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Three Perfect Days: Manila

To discover the heady charms of the sultry Philippine capital, you'll need to navigate the chaos of mototaxi rides and a relentless nightlife scene—and eat a lot of garlic rice

Author Jacqueline Detwiler Photography Francisco Guerrero

The Marikina Shoe Museum

Picture 15 of 17

DAY ONE | You wake in your suite at the Sofitel Philippine Plaza Manila, the fat pillows of your contemporary state bed reflected in the burnished ceiling piece like dollops of whipped cream. You root a passion fruit out of the bowl on your coffee table and crack it open on a wraparound porch overlooking Manila Bay. Between you and the water stands the Coconut Palace, a tawny terraced confection commissioned by Imelda Marcos for the 1981 visit of Pope John Paul II. The pope refused to stay there because he felt it was too ostentatious. You wonder what he would say about your hotel room.

The Philippines’ rapacious former first lady—she who turned shoe shopping into a crime against humanity—was hardly the first larger-than-life figure in Manila’s history. So to find out more, you hail a cab to Intramuros, the walled historic district a few miles north of the Sofitel.

Your first stop is San Agustin Church, a pastel-peach Spanish-era cathedral with carved wooden doors, riotous frescoes and stalactites of chandeliers. In the cool of the interior, you wander in awe for a bit—then you step out and head farther north, into the oldest Chinatown in the world, Binondo, which dates back to the 1590s. After weaving through the fish-scented bedlam of Ongpin Street, beneath garlands of Chinese lanterns, you come upon Lord Stow’s Bakery, where you spend a pittance on a clutch of flaky egg tarts. Next, you find yourself in Tasty Dumplings, a hole-in-the-wall joint that, contrary to its name, is best known for breaded pork cutlets served over noodles. You order a plate and make short work of it.

Sated, you hop into a pedicab-mototaxi hybrid—a motorized bike with a covered sidecar—and join the throng of dusty sedans and wildly decorated jeepney buses reenacting Ben-Hur around the Plaza Lorenzo Ruiz. You direct your driver to Casa Manila, a re-creation of a Filipino home from the Spanish colonial era. You’ve arranged to meet a guide from White Knight Tours, which specializes in Segway sightseeing excursions—however, after the excitement of your sidecar ride, you opt to take the tour on foot.

Your guide, Adam, begins by leading you to San Diego Gardens, the centerpiece of which is Baluarte de San Diego, a 16th-century fortification that’s been ravaged by a combination of natural disasters and military skirmishes. You wander over the cobblestones, peering into cannons and oubliettes along the way. Throughout your tour, Adam points out the various calamities that have befallen the structures here: this one, earthquake; that one, artillery shell. It’s a poignant and strangely beautiful place, and it says a lot about the resilience of the people who, in many instances, have rebuilt these destroyed monuments from scratch.

Your last stop is Fort Santiago, a grassy ruin surrounded by imposing stone walls, where you are serenaded, inexplicably, by a bossa nova recording. This is where José Rizal—a national hero and polymath who championed Philippine independence— was imprisoned before his execution by the Spanish in 1896. His former cell now contains a Disney-esque mannequin, seated at a desk, that can be viewed only via a mirror on the other side of a barred door. The effect is that of encountering Rizal’s ghost—disconcerting enough for you to almost hear the whispers of fallen regimes.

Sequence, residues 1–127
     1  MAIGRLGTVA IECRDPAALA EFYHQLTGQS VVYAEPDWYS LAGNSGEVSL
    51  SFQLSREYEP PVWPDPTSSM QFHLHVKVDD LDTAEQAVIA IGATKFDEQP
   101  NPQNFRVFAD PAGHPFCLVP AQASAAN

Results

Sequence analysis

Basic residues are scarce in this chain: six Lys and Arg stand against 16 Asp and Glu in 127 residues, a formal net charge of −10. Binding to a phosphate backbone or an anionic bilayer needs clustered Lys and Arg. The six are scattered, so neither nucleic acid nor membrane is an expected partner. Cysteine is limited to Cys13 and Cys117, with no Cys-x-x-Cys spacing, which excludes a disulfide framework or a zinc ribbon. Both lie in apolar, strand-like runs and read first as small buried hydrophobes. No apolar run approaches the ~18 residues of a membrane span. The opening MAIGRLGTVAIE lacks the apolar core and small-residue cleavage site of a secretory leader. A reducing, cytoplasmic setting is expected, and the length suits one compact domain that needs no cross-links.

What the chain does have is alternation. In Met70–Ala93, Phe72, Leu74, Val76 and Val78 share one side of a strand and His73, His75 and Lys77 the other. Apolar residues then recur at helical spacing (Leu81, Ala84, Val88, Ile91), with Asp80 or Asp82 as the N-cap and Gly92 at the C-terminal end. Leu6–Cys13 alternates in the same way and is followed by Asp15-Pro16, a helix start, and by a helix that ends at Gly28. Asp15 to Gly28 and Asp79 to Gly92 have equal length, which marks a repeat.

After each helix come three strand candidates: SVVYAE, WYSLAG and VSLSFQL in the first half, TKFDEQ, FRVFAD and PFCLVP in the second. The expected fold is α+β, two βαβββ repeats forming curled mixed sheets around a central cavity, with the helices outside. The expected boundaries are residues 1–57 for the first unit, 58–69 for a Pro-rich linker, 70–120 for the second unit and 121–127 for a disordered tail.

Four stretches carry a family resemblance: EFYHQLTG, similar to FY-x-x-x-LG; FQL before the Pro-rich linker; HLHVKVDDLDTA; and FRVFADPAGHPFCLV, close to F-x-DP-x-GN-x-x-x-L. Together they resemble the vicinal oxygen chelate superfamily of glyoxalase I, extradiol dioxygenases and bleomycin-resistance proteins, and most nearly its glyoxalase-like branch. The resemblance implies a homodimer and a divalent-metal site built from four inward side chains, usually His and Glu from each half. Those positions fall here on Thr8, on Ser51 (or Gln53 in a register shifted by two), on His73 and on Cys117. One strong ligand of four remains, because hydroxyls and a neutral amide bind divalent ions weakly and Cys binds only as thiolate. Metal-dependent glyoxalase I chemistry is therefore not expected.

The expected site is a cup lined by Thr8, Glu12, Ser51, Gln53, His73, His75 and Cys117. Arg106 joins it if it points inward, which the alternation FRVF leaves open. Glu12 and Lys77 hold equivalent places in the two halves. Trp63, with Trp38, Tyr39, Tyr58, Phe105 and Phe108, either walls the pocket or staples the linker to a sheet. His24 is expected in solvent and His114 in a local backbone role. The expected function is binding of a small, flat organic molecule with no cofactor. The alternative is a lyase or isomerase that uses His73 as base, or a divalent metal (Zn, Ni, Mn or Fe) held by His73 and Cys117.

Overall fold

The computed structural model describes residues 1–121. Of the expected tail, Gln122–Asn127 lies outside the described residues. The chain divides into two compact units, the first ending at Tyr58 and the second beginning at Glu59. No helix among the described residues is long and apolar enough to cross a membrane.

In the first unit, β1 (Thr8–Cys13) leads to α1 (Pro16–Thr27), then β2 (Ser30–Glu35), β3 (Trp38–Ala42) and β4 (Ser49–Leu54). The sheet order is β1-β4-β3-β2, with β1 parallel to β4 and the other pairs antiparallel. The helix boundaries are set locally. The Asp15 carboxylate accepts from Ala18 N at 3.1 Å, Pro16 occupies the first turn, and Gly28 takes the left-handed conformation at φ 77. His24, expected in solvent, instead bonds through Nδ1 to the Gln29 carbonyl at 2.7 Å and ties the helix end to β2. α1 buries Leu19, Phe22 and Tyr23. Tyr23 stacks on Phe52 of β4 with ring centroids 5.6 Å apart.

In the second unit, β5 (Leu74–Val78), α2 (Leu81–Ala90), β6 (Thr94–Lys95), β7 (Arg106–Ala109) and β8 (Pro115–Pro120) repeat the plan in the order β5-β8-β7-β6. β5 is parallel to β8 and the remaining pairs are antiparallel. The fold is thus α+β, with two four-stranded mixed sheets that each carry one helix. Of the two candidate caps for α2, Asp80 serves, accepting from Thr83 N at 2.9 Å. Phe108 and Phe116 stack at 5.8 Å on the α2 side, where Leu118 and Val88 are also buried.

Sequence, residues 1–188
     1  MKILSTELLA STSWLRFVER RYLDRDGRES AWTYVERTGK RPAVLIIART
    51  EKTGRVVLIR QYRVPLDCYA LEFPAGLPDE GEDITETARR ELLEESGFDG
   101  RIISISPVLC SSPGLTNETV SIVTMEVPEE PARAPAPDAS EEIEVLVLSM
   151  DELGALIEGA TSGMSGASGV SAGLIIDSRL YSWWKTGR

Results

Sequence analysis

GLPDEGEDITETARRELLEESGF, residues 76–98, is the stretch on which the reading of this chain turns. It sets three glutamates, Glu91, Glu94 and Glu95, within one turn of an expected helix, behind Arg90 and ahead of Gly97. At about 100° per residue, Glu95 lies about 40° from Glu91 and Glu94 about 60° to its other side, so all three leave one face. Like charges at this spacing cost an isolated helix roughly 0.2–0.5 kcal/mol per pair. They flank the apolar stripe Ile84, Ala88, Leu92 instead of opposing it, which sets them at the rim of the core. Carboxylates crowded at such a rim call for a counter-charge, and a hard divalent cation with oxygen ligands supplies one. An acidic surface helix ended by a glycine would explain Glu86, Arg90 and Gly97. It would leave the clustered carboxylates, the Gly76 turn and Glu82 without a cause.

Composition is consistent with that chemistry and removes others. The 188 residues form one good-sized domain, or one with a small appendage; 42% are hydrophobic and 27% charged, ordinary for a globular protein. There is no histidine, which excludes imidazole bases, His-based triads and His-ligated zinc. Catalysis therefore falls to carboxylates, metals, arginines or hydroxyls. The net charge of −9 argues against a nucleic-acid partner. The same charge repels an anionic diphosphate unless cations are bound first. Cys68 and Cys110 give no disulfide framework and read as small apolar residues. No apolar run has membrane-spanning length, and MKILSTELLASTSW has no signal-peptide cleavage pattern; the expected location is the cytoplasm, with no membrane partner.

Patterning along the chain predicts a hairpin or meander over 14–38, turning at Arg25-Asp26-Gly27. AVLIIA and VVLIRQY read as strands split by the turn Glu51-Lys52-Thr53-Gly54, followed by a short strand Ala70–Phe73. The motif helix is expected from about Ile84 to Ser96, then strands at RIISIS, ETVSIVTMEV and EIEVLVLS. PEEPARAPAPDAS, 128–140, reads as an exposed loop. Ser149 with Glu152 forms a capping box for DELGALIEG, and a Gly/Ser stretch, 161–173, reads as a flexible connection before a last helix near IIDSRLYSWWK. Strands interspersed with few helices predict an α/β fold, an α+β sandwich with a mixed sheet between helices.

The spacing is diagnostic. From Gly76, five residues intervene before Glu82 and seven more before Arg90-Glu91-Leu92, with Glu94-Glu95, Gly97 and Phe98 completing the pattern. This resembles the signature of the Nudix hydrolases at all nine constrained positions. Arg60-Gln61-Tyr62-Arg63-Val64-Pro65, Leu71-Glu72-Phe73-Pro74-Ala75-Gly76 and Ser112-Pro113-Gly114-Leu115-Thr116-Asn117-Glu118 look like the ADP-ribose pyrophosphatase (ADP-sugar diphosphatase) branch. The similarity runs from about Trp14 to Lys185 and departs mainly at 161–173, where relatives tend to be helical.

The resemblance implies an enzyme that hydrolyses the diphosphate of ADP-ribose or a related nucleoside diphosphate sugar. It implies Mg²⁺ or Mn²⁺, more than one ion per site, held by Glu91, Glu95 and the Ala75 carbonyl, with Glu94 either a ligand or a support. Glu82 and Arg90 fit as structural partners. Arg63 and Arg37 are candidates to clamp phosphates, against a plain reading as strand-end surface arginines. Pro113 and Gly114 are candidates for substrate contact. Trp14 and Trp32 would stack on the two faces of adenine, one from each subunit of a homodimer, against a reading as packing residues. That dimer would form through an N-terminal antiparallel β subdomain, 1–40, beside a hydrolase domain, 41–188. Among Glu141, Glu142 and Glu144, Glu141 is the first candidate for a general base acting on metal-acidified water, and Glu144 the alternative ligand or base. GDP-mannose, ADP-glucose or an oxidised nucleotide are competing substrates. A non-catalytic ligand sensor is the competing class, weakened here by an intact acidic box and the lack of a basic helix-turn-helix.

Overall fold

For dinner, you have plans to visit a different sort of fort: Bonifacio Global City, a decommissioned military post that was converted to shops, condos and restaurants in the mid-2000s. Abé, a restaurant that specializes in cuisine from the Pampanga province, is packed, but you’ve managed to book a seat. You order a platter of saucy lamb adobo with popped garlic that falls apart into a side of fragrant garlic rice (which is rapidly becoming a favorite of yours), along with a dish of gising gising, or chopped green beans and hot chilies simmered in coconut milk.

The gising gising—which means “wake up, wake up” in Tagalog—does its job nicely, and soon you’re off to the blue-tiled Rocket Room for a mojito made with apple rum, berries and lychee. Here, as at Abé, the tables are teeming with stylish locals wearing Pucci prints, short shorts and military jackets. A DJ spins mixes of obscure ’90s rap songs. You stake out a spot near the outdoor bar, under the skyscrapers, and befriend a local photographer and his beautiful Filipino-Japanese companions, who seem to hug each other a lot in the way of Gap ads.

After a while, your companions inform you that they’re headed for URBN, a brand-new nightclub dominated by an elongated wooden table à la Hogwarts. Would you care to join them for some dancing over a bottle of vodka? Why, yes. Yes, you would. Would you like to dance on the extremely large table with them? Well, no, actually, that wouldn’t be … Yes. Yes, you would.



One Response to “Three Perfect Days: Manila”

  1. Shayne Says:
    June 29th, 2014 at 10:03 am

    I love how the writer encapsulated the old and new manila plus a little bit pf beach on the side. The article puts you directly in the author’s shoes and reading the piece took me back to the old days when I was first seeing my country with a traveler’s inquisitive and observant view. However, I really wish the author stayed longer or perhaps, write another three perfect days entry but this time involving Palawan, Bohol, Davao, Cebu, Palaui, and other beautiful places the Philippines has to offer. :)

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